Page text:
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How to Prevent Malicious Code

What is malicious code?

Malicious code is created to intentionally harm computers, systems or other devices. Malicious code often takes the form of a legitimate action, often hidden in application code of a program that performs a legitimate task. This makes malicious code more difficult to eliminate than typical viruses because common antivirus applications are unable to pick up the malicious code until it has been identified and stored in the antivirus database. There are many different types of malicious codes, but the three most common types are viruses, worms and trojan horses.

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Hudson Static Code Analysis

Hudson is a Java based tool for continuous integration of software projects. It runs inside a servelet-based container such as GlassFish or Tomcat. It’s designed to deliver a development environment in which builds are quickly and easily compiled, and either released or put into testing. However, when it comes to Hudson Static Code Analysis it’s necessary to add an integration kit  as Hudson does not support static code analysis in its native format.

Checkmarx provides an integration kit for this very purpose, and ensures that when you use Hudson for your continuous integration,  you can continue to report on static code at all levels of granularity. In particular, it’s simple to run a build summary which delivers a report on the numbers of warnings (both new and fixed) within the build. There’s also good support for overall trend reporting so builds can be compared against each other to see if there are specific areas that are adding more than their fair share of coding issues.

When the integration kit is in use, you can use a remote API to export the reports on build quality and the warnings identified to other applications. Hudson Static Code Analysis also allows you access to a colored HTML console that identifies which areas of the source code a particular warning applies to. Your development team can also set “failure thresholds” that enable a build to be automatically tagged as either a failure or one that is inherently unstable. This means that you can choose Hudson to compile your code on a regular basis without compromising your test cycle. Regular tests are the key to delivering bug-free, usable code time and time again.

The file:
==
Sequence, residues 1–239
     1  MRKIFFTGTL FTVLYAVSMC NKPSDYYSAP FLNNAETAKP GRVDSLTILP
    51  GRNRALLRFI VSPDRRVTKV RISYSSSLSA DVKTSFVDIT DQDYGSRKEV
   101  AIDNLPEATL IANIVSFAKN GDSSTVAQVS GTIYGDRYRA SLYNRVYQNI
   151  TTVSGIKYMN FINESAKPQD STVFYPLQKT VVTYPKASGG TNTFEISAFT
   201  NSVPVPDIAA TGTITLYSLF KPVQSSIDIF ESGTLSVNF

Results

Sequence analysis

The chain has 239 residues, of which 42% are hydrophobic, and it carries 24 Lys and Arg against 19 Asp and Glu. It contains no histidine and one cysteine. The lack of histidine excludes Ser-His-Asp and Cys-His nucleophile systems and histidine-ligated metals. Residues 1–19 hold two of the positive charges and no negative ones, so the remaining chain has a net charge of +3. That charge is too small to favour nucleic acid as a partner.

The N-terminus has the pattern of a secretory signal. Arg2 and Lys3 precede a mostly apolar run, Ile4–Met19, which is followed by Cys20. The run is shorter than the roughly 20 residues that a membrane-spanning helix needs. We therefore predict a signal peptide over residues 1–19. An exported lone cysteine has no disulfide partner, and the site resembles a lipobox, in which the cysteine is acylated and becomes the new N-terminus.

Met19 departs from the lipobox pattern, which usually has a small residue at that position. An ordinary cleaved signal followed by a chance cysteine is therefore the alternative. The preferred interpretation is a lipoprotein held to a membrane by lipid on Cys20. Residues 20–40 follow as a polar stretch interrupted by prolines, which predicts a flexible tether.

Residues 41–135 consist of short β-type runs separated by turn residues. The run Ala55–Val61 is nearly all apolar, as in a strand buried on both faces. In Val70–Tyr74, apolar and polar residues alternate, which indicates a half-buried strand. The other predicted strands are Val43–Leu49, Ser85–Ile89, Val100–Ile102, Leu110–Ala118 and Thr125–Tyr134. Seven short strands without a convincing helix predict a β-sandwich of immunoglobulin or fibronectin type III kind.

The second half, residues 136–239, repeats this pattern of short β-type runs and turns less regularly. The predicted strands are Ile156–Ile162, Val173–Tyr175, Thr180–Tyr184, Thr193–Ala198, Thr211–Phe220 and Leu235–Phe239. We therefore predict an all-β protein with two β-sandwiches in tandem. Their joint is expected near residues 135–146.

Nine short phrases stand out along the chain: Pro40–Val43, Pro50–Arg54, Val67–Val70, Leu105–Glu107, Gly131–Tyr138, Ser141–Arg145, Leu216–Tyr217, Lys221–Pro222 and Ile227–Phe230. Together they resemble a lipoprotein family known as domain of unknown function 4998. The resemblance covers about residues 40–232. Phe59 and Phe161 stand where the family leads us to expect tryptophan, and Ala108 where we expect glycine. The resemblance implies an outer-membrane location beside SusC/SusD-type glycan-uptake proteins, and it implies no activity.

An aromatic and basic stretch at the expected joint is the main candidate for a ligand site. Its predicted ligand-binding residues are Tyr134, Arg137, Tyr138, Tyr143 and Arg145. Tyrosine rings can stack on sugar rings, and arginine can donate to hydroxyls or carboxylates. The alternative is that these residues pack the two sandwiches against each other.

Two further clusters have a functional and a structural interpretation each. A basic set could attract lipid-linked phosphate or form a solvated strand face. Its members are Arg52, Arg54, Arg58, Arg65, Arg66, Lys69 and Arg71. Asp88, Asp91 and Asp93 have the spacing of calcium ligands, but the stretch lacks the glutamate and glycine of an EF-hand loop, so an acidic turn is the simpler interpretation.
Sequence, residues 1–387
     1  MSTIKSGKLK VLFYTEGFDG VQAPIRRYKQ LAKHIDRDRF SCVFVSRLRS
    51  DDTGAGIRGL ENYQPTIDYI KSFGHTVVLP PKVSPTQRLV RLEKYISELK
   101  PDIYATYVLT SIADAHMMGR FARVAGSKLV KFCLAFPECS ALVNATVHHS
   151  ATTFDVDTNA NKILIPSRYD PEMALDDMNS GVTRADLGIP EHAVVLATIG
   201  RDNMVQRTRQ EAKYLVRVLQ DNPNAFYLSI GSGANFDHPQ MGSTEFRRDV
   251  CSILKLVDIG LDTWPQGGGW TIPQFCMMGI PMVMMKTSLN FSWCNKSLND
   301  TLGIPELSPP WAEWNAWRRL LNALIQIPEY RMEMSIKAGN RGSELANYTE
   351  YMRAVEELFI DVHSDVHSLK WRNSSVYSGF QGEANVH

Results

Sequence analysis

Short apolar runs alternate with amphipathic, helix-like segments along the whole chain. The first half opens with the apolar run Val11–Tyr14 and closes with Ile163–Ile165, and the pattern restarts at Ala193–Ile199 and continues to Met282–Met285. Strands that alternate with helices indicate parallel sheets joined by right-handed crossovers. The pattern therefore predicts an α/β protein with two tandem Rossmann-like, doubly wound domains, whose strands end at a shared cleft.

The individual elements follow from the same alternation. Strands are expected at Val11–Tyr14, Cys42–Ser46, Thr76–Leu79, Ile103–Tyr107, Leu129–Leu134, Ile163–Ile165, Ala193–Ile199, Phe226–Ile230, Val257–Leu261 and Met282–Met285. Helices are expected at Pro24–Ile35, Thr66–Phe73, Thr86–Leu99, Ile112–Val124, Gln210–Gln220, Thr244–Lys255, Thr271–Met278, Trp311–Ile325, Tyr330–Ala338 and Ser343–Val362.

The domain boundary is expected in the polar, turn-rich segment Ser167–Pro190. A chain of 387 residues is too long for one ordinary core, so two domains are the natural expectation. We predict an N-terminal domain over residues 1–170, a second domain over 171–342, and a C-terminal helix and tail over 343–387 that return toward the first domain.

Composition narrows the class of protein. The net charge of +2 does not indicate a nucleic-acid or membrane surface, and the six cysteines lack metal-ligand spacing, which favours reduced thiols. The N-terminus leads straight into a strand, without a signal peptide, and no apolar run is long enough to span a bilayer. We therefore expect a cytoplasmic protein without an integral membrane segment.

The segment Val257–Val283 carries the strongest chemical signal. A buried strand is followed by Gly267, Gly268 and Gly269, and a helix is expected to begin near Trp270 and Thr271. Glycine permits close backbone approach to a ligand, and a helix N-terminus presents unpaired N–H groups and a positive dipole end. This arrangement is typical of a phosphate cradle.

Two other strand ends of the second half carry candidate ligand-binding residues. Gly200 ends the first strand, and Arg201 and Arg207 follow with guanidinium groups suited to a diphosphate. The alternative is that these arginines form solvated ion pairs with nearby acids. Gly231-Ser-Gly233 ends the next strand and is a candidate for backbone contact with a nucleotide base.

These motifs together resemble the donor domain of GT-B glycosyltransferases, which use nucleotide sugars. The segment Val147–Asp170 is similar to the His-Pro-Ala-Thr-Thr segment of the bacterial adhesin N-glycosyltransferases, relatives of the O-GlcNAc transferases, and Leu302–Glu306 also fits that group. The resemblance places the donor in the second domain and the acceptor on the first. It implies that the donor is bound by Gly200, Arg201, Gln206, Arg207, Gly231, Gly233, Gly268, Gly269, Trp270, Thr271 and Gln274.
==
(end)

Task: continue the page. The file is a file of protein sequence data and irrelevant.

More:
Insecure Cryptographic Storage

Storing encrypted files is critical for companies that offer sensitive information online. But improperly encrypted files can be an equally risky scenario as it leads to a false sense of security. The process of having improperly encrypted files in storage is known as Insecure Cryptographic Storage (ICS). There is a variety of factors that can lead to ICS, including these:

  • Bad algorithms
  • Improper key management and storage
  • Encryption of the wrong data
  • Insecure cryptography (such as encryption developed in-house, etc.)

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Internet Security

Why companies need internet security

Online applications offer companies many benefits, but they also increase the risk of web attacks and vulnerability exploits. The internet by itself is a very insecure platform, but network security has improved drastically in recent years. This has resulted in many attackers turning to application-layer attacks, as many applications are permeated with insecure code, vulnerabilities and/or malicious code. Network security and application security are the two major areas of internet security, but other critical areas include firewalls, antivirus, email, social networking, chat/instant messaging and more.